“Everybody wants to try new flavors and have new experiences. And it’s weird, the industry is furthest behind on this—we’ve experienced way more hang-ups from people within the industry than we do from the general public.”—Nate Ready
So far, the response has been gratifying. The on-site tasting room and restaurant has become a buzzy destination, and with distributors across the country, his wines are in high demand in restaurants and retail shops. “The hardest part about it is breaking the cycle [of talking about grapes], but it also allows you to talk about the identity of the wine in a different way. You can talk more about the characteristic of the parcel, and how it’s vinified, and other things about its vibe and mood and what foods it goes well with, and what it allows,” he says. This is a shift away from the manner a lot of wine is categorized, discussed, and sold in the U.S.—by variety, and how well the wine represents that variety. But Ready says it’s the people who are more entrenched in the wine business who are sometimes the hardest to convert. “Everybody wants to try new flavors and have new experiences. And it’s weird, the industry is furthest behind on this—we’ve experienced way more hang-ups from people within the industry than we do from the general public.”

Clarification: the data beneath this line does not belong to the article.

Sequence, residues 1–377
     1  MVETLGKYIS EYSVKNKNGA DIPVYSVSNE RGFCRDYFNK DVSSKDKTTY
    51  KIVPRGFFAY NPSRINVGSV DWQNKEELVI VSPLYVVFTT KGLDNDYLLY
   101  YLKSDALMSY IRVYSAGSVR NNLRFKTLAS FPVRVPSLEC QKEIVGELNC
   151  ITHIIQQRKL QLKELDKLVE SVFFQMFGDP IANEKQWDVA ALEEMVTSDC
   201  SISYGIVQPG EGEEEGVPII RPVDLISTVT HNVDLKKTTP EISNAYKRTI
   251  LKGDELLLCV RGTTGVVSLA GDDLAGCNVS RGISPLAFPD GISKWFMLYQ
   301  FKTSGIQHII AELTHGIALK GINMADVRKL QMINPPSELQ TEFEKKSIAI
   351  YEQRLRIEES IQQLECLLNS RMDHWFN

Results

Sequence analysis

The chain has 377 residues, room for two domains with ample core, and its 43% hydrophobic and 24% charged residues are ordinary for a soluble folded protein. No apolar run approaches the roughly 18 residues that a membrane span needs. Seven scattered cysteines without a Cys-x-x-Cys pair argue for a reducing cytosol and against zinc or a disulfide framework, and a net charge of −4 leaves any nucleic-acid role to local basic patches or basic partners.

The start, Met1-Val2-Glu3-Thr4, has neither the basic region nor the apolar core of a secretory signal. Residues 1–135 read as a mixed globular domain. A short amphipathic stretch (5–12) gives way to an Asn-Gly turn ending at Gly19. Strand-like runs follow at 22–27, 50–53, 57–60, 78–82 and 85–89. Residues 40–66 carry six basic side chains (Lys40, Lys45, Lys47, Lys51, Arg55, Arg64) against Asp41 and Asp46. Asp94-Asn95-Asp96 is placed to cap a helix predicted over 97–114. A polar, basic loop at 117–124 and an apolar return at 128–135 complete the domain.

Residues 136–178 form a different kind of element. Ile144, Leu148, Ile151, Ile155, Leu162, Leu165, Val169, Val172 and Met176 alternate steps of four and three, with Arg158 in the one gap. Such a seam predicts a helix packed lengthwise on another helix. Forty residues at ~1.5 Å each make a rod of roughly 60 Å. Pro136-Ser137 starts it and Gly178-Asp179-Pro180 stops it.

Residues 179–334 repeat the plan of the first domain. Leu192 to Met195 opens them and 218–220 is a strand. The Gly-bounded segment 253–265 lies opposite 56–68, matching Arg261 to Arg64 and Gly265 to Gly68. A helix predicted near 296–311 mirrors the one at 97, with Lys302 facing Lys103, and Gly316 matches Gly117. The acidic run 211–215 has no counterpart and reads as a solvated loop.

One of the reasons these wines seem to be popping up on wine lists with more frequency is that customers are already primed to engage in a discussion about the way new wave Zinfandel or Cabernet Franc might not taste like textbook examples of the grape. Our notion of typicity is expanding rapidly.